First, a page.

Ms. Herz preaches:
Resilience is what allows systems to take a hit and keep going. Resilient systems are well-maintained, fixed before they break with predictive maintenance, and progressively strengthened at weak points. They have the spare parts needed to keep flying or driving. They are continuously tested and red-teamed as part of a culture in which finding cracks is a badge of honor, not a threat to the organization.
She urges: “System owners in the public and private sectors need to think about building fast-healing, adaptable, durable systems, especially the “boring” ones that people only tend to notice when they break.”
Any of that sound like healthcare to you?
Our healthcare system suffered widespread shortages of PPE and other vital supplies and equipment, as supply chains were radically disrupted. Primary care practices floundered as people avoided office visits. We’re still not using primary care practices appropriately to help combat vaccine hesitancy. We weren’t prepared for the flood of vaccine misinformation – some organically generated, some maliciously.
How many of those issues have been fixed? We may not know until the next crisis.
Meanwhile, investments in digital health are soaring (come on, did you really know what a SPAC was at the start of the pandemic?). Innovation is sexy; innovation is the future; innovation is what gets you funded. But, as Ms. Herz says about military spending:
Stellar maintenance and logistics do not get people promoted, and thus are not prioritized among program managers who are more focused on delivering novel, “sexy” capabilities…There is a naïve faith that someone more conscientious and less charismatic, perhaps, will go back and redesign the technology, processes, and procedures to make the sizzle into steak. Except it doesn’t happen, because by the time a qualified systems engineer views the horror show of taped-together, unmaintainable code, it’s too complex to fix and too politically enshrined to critique.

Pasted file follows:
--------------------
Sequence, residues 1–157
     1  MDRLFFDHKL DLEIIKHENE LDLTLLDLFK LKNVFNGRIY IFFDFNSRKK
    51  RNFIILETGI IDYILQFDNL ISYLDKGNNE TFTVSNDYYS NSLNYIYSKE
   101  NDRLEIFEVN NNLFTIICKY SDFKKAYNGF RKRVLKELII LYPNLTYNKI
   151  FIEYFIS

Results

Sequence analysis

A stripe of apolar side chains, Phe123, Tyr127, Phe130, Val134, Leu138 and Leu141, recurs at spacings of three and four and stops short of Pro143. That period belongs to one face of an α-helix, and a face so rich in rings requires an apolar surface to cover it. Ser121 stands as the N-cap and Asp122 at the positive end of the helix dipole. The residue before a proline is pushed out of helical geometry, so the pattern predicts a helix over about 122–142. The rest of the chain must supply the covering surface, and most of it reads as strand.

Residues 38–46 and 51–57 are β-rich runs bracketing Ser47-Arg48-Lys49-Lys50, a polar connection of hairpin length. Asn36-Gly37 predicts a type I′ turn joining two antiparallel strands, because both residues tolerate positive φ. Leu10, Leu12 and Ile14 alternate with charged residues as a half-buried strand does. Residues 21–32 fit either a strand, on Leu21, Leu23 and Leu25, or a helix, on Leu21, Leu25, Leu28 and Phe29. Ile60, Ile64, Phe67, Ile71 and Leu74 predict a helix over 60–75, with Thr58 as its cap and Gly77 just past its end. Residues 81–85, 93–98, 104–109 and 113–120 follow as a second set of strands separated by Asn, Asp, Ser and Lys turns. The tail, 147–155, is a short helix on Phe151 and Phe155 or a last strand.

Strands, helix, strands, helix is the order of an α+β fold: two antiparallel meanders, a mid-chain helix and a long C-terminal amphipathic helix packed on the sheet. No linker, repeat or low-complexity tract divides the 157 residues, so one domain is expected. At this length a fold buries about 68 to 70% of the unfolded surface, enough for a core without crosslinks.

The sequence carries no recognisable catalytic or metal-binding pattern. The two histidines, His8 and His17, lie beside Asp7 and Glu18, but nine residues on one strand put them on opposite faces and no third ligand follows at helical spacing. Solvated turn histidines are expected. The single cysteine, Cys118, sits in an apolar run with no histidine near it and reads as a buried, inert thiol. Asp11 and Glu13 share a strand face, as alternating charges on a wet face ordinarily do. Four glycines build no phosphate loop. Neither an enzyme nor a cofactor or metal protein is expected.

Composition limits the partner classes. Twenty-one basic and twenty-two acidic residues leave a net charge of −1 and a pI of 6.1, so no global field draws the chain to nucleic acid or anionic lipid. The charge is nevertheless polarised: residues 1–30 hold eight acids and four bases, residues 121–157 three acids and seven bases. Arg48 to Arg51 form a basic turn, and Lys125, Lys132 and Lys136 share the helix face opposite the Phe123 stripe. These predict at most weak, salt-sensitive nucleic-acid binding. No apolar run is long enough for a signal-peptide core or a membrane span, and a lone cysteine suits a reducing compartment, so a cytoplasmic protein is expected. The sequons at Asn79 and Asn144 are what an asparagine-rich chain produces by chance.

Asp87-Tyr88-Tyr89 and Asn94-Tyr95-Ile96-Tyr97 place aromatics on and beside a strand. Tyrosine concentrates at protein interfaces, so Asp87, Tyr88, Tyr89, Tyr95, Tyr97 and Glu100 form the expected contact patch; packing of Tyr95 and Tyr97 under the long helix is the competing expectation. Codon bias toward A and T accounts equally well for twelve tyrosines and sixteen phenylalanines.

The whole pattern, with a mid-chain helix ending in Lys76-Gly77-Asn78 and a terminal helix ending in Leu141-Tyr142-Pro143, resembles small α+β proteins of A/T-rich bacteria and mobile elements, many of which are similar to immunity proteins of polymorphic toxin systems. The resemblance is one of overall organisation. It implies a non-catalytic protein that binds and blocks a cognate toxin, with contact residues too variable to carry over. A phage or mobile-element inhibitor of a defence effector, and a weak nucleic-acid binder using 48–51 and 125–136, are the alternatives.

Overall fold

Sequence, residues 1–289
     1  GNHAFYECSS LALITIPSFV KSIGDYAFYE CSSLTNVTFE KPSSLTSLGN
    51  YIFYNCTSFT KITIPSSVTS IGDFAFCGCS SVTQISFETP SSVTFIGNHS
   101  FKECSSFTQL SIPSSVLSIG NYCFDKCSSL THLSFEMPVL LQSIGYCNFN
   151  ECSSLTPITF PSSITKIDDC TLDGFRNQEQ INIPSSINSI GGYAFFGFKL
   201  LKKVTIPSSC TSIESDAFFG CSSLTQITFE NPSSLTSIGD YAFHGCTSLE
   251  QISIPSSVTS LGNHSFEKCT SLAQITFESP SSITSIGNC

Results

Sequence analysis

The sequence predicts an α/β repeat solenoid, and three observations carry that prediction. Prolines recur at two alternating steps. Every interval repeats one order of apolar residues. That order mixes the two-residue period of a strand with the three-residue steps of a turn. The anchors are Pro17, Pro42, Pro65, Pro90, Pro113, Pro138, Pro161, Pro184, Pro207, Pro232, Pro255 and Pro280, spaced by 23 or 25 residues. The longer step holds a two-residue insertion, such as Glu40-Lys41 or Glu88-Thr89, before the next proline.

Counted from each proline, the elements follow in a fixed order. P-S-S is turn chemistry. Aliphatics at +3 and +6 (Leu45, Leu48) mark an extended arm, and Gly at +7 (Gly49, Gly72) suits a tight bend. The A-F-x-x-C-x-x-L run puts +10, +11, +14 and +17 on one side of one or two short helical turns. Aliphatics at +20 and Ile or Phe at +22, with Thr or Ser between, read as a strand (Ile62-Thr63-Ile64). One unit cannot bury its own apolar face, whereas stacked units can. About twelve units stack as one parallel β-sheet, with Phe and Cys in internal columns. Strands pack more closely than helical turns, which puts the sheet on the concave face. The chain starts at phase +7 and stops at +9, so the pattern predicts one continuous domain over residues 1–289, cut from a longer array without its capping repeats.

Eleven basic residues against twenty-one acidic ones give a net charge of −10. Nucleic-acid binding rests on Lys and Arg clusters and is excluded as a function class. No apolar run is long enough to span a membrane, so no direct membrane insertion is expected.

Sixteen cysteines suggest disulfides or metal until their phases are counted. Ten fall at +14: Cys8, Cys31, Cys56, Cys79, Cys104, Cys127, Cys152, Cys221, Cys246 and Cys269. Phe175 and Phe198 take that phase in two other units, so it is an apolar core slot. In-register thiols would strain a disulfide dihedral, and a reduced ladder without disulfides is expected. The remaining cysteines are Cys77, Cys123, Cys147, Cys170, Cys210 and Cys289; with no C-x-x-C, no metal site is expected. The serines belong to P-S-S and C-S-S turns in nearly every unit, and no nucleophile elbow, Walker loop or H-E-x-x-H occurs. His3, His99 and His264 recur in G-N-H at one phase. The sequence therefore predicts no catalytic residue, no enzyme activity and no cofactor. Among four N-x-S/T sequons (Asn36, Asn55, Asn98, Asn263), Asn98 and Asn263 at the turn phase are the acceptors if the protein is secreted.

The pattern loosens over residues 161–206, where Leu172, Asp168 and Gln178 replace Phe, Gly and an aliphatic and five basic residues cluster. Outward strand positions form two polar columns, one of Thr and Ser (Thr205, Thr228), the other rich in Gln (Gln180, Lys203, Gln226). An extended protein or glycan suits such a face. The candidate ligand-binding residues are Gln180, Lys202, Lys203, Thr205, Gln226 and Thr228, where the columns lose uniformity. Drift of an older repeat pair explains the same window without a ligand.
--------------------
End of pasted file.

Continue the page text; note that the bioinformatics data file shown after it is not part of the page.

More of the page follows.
How many of those healthcare SPACs are aimed at “hardening” our healthcare systems and processes? How many are prioritizing “stellar maintenance and logistics”? Yeah, I thought not.
Our healthcare system was once more like a Timex watch: nothing too fancy, but durable. Over time, it’s changed in the way that the watch business has left Timex behind – more focus on new features, new technologies, more functions – and, of course, more expensive. Whether those watches – or the changes in our healthcare system — are really necessary, or how long they’ll survive the punishment we’ll put them to, are not questions we ask enough.
Ms. Herz warns the Pentagon: “Defense acquisitions should be less like the Macy’s Thanksgiving Day Parade and more like NASCAR, where tire-changing speed and pit-crew coordination are recognized as key performance metrics.” The same should apply to healthcare: less splash, less flash, more emphasis on ensuring it delivers, under all conditions.
Innovation is necessary, new technologies are exciting, but let’s not forget the importance of simply being able to take a licking and keep on ticking. Especially in healthcare.
Kim is a former emarketing exec at a major Blues plan, editor of the late & lamented Tincture.io, and now regular THCB contributor.